Danielle J. Dresser: Welcome to Fresh Fiction, Cassandra, Genevieve, and Caitlin! We are excited to chat with you about WALK AMONG US, set in the world of the RPG game, Vampires: The Masquerade. Were you all familiar with RPGs and this one in particular before you started the project?
Cassandra Khaw: Oh my god, yes.
Genevieve Gornichec: I was not, but I always wanted to be! The world just always seemed so big that I didn’t know where to start.
Caitlin Starling: I was obsessed with the source books and clan novels back in the mid-2000s, though I never got a chance to play! I definitely screamed a little when I saw what project I’d been brought in on.
Vampires have always been popular—what do you think makes them so attractive to readers?
Cassandra: The prospect of immortality, of someone who is ancient and ageless and able to have anyone in the world but chooses you to satisfy their needs, I think people like that. I think people like the elegance and sophistication too, the gratuitous amount of black, the tragic nobility.
Genevieve: I think there’s something about them that people are drawn to. It’s like, a lot of stories portray them as these elegant figures that are monsters below the surface. I think there’s something inherently enticing about that.
Caitlin: I think it’s the combination of power with deep, very clearly defined need. You’ve got seemingly full control over your entire environment, but with one undeniable hunger that can absolutely destroy you.
Each story in WALK AMONG US deals with, of course, the fantastical element of vampires, but also some really dark themes that everyone grapples with in some way—depression, radicalization, and immortality (which probably speaks to our own mortality!). How did you balance the paranormal aspects of your story with the big themes throughout?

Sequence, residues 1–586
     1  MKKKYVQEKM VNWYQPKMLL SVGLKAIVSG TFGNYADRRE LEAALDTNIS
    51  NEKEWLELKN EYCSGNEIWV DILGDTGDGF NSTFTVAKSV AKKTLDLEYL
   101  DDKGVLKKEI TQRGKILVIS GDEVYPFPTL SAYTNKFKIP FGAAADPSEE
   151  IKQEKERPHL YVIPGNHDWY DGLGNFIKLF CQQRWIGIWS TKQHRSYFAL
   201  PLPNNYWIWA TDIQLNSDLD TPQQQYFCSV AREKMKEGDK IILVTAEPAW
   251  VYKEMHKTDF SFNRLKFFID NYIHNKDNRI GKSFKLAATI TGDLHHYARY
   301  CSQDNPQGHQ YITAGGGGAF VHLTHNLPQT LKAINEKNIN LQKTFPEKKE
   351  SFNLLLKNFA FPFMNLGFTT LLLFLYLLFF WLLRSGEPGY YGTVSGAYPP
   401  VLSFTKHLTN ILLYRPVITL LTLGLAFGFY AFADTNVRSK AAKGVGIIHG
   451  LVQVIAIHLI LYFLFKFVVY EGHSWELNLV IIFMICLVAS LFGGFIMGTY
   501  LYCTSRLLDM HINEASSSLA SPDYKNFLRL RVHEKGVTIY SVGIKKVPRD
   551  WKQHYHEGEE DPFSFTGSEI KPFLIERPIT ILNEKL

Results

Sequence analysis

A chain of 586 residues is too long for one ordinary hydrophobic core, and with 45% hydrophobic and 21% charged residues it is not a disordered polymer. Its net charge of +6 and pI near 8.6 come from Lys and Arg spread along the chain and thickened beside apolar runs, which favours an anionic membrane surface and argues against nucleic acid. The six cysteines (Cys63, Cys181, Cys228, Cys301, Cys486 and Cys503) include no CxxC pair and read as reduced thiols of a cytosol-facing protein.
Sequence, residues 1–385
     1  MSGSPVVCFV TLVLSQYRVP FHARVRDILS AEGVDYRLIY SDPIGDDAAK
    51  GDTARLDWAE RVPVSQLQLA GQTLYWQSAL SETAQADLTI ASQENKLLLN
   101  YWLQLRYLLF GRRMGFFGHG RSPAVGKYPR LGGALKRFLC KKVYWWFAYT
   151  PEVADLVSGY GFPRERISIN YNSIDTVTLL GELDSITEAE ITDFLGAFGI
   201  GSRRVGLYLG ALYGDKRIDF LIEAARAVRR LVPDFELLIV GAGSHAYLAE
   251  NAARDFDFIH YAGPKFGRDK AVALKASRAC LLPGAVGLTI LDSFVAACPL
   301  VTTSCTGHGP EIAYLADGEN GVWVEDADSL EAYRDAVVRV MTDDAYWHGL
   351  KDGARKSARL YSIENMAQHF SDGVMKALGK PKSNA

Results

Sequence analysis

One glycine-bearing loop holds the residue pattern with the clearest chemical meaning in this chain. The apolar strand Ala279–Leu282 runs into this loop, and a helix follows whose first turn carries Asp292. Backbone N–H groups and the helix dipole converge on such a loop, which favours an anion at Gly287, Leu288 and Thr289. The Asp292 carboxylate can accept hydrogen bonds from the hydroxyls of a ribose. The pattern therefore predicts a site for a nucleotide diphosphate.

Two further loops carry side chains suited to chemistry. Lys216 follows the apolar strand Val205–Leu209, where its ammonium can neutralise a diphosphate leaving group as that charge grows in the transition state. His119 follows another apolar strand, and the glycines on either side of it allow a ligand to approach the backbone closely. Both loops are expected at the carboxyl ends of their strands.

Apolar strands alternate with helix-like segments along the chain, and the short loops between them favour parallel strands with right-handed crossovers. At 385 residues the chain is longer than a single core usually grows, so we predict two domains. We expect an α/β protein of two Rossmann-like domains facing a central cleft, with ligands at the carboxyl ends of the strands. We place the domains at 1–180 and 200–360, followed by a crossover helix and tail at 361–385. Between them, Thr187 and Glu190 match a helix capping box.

Cassandra: That’s really interesting. I treated the fantastical elements as incidental, almost. Like eye color or dietary predilections. They’re just part of the character and the characters’ environment. For me, the main thing here was scrutinizing the way that someone can hold power over another, the subtle things, the way it happens if one is isolated and removed from their environment. You don’t need supernatural prowess for that. You just need to know how the world operates.
Genevieve: I tried to make the paranormal aspects more like background details, to the point where when I tried to work in some of the lore near the big reveal at the end of the story, I was told to take them out. I don’t think Clea would have ever suspected anything paranormal if Jade hadn’t planted the seeds. Jade is such a manipulator; she legitimately makes Clea think that she’s becoming a better person while validating all the worst parts of her so she doesn’t have to face them, to the point where Clea doesn’t even flinch when innocent people are killed at the end of the story because she sees herself as so different from them. Vampires aside, there are groups in real life that prey on lonely, vulnerable people the same way.
Caitlin: They’re intrinsically linked for me, right down to the plethora of farming details in my story. My goal from the beginning was to make our narrator, Leigh, both deeply convincing but also, when you take like half a step back, horrifying. Leigh is responsible for feeding two communities: her commune members and the Portland Camarilla. To feed her commune members, she grows crops and slaughters livestock; to feed other Kindred, she drains her commune members. The lengths she goes to in order to keep the day-to-day experience of the humans in her care pleasant and safe is, when you see the back end of it, entirely built on manipulation and control. But how much worse is that, really, than randomly descending on some hapless person in a bar and subjecting them to direct predation?